Psychology Dictionary of Arguments

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Animals: Animals are subjects of moral consideration, prompting debates on ethics, consciousness, and our responsibilities towards non-human beings in philosophical discourse. They challenge notions of personhood and the nature of sentience.
Annotation: The above characterizations of concepts are neither definitions nor exhausting presentations of problems related to them. Instead, they are intended to give a short introduction to the contributions below. – Lexicon of Arguments.

Author Concept Summary/Quotes Sources

Daisie Radner on Animals - Dictionary of Arguments

I 419
Animal/inner world/Radner: one does not have to concede experience to bees! "How is it for a bee to see ultraviolet?" Can be answered in three ways:
1. Use any description, taking an experience of the bees.
2. "If they have an experience ... it is like ...". No obligation to truth, instead conditional.
3. Bees have no experiences: that is, it is also not "like anything ...".
I 423
RadnerVsNagel: Nagel avoids the method to imagine, one lives the life of a bat.
>"What is it like to be a bat?"
, >Th. Nagel.
Nagel: I cannot imagine the life of the bat by adding or omitting anything to my experience ...
Radner: (ditto): Inner-world hetero-phenomenology cannot be undertaken from the viewpoint of the first person.
I 424
E.g. J. van Lawick Goodall: Description of disgusting food intake of carnivorous hyenas.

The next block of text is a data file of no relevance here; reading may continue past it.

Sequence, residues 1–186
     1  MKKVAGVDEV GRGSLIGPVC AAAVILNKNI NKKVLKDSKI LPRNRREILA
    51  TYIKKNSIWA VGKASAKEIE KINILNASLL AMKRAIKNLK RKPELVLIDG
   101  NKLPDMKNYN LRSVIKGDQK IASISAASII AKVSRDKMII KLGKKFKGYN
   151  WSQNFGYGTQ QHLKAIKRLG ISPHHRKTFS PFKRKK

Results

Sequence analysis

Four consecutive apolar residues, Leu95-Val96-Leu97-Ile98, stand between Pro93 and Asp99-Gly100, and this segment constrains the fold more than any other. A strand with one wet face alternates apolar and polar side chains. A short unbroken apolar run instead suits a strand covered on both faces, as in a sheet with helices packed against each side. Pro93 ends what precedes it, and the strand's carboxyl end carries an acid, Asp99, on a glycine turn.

RadnerVsGoodall: it does not even come as far as Nagel: it simply imagines that it is mouthwatering for it.
I 425
E.g. O.and K. Heinroth: "A bird has no parent duties, but only joys of parenthood, and does only what is "fun" for it."
Radner pro: this conclusion is based only on considerations of how birds behave, not on any imagined takeover of the bird's role.

Explanation of symbols: Roman numerals indicate the source, arabic numerals indicate the page number. The corresponding books are indicated on the right hand side. ((s)…): Comment by the sender of the contribution. Translations: Dictionary of Arguments
The note [Concept/Author], [Author1]Vs[Author2] or [Author]Vs[term] resp. "problem:"/"solution:", "old:"/"new:" and "thesis:" is an addition from the Dictionary of Arguments. If a German edition is specified, the page numbers refer to this edition.

Radner I
Daisie Radner
"Heterophenomenology. Learning About the Birds and the Bees", in: Journal of Philosophy 91 (1994) pp. 389-403
Der Geist der Tiere, D Perler/M. Wild, Frankfurt/M. 2005

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